Lima Climate Summit: Bad Signs for Paris 2015

Anyone following the climate negotiations, especially since the disastrous pattern set at Copenhagen in 2009 and even more so given the tepid progress made since the wishy-washy Durban summit in 2011, could have seen it coming. There were low expectations from the Lima Conference of Parties (COP 20) to begin with and, true to form, the summit ended with a whimper of a Statement, low on ambition on all fronts, emissions reduction, finance and technology, but full of statements with dark portents for the future.

The Lima COP was expected to come up with an outline or building blocks of the Agreement to be clinched next winter in Paris. The recent US-China agreement had also been hyped as a sign of a new momentum towards a Paris deal with ambitious emissions reductions commitments by important countries. But the Lima summit revealed no sense of urgency or purpose. On the main agenda, commitments to emissions reduction by developed countries, particularly the US and Japan, not to mention Australia and Canada, were low key. Large developing countries too, notably China and India, seem to have gone along with this, bar a few protestations here and there, since this also took pressure off them. The former in any case had already announced bilaterally with the US their respective national emission reduction targets.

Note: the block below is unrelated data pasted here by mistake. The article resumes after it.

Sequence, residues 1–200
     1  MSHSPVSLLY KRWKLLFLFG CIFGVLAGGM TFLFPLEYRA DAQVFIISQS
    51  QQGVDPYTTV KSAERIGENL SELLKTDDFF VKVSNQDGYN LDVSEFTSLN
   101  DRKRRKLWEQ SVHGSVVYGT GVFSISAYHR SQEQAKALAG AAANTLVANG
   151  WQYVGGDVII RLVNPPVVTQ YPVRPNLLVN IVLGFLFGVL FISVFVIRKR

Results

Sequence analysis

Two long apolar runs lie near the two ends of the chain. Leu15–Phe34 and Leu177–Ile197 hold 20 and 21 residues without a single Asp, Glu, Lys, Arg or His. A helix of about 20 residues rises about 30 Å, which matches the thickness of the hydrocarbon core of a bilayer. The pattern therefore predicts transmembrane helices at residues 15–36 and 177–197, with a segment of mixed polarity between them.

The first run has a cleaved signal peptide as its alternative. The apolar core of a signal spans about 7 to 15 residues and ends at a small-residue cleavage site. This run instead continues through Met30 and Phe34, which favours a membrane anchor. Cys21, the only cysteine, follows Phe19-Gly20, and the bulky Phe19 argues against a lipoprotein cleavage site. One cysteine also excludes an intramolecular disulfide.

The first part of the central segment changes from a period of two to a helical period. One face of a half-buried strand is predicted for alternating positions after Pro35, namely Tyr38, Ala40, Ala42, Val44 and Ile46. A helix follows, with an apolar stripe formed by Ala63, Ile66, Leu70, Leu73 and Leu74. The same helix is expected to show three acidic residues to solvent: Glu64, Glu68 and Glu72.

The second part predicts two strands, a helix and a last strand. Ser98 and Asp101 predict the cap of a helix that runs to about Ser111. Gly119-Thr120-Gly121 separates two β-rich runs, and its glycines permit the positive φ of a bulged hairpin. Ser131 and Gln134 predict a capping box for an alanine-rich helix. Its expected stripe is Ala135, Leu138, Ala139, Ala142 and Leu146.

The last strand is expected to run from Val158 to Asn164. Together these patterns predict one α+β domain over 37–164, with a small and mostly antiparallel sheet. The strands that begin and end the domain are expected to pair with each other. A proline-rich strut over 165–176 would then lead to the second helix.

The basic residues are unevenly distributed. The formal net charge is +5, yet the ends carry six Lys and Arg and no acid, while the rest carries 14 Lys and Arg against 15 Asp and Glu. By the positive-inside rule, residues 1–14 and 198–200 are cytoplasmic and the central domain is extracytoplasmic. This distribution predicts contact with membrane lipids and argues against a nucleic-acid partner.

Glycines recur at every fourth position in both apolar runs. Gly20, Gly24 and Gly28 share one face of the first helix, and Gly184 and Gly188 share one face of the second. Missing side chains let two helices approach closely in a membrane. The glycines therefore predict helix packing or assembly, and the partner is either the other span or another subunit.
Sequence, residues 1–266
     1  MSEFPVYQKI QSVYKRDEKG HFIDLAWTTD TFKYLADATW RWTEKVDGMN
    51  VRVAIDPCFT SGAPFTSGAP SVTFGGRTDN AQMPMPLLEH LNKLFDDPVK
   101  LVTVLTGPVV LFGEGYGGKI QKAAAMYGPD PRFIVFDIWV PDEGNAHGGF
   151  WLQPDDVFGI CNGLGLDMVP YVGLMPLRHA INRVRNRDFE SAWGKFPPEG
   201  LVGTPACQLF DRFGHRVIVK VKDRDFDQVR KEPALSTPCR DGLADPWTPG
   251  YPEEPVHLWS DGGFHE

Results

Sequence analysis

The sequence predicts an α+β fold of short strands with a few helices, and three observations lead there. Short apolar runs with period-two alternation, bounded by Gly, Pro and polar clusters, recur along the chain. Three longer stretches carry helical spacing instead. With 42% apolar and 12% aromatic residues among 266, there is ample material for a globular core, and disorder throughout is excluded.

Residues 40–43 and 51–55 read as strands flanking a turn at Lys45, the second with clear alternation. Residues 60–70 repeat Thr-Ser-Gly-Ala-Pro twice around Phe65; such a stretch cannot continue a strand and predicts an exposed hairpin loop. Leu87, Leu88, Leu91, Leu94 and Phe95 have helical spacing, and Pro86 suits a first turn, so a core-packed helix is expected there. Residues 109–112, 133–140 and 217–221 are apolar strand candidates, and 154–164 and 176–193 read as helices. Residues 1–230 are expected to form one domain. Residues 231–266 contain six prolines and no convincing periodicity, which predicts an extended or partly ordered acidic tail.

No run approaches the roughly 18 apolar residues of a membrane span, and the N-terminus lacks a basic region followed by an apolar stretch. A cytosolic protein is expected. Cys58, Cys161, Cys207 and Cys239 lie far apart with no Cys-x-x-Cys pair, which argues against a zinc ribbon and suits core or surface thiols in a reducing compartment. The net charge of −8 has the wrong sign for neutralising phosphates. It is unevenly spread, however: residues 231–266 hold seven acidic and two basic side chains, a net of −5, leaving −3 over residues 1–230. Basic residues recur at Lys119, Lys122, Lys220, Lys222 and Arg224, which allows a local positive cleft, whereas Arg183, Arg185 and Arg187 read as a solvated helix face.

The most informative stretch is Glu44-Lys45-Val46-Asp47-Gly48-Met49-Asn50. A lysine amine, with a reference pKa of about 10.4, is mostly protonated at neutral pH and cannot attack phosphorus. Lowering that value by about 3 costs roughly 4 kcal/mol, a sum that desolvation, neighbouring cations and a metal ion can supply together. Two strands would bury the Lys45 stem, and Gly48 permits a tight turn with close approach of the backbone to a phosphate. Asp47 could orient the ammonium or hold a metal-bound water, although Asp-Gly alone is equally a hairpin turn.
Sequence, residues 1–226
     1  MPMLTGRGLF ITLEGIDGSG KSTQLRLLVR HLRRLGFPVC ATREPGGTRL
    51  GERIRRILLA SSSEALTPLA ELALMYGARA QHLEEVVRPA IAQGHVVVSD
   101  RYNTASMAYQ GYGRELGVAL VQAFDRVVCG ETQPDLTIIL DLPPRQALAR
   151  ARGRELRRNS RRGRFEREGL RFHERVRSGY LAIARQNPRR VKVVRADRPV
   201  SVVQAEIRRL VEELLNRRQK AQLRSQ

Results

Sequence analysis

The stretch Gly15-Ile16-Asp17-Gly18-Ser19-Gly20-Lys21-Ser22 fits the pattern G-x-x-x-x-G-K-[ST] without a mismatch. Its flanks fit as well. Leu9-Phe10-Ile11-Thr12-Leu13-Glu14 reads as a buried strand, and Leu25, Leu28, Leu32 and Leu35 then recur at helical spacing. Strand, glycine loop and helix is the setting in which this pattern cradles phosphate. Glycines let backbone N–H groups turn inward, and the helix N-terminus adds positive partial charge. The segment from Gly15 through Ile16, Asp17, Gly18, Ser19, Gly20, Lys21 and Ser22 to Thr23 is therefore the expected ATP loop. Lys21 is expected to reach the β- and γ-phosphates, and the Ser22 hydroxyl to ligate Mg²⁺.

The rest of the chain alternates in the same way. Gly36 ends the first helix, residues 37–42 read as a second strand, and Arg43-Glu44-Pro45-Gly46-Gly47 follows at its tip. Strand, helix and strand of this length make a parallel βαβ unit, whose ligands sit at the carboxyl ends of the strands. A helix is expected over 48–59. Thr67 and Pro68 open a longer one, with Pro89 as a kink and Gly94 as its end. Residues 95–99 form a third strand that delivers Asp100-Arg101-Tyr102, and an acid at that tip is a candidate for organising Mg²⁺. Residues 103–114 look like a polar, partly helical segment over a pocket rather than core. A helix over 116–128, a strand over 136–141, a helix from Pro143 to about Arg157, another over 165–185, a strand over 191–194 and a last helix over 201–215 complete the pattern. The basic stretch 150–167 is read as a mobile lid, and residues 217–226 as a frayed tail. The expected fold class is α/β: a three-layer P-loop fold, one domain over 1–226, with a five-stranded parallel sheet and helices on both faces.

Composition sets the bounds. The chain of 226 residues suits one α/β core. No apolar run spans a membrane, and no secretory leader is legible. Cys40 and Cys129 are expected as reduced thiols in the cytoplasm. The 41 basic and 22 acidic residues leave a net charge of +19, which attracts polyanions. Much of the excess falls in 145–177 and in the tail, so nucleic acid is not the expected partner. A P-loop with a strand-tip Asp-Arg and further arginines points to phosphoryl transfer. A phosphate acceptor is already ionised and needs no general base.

In what has now become a familiar and depressing pattern, the Summit meandered listlessly without substantive progress and then went into panic-driven overdrive on the penultimate day, delegations postponing return flights and, in the last 24 hours, hammering out a last-minute “compromise” statement which the hosts and the steering UN officials hailed as a victory. As with all such compromise statements, and who can forget Copenhagen, every major country or bloc claimed they had achieved the best under bad circumstances. Developed and large developing countries, the US and EU on the one hand, China and India on the other, all claimed that the outcome was broadly satisfactory from their point of view! However many other developing countries such as Malaysia, poor island nations such as the Marshall Islands and least developed countries such as DR Congo were all extremely unhappy at the outcome, saying it had crossed their major red lines. Several European countries too expressed their frustration that the processed seemed to be leading to agreement around the least common denominator!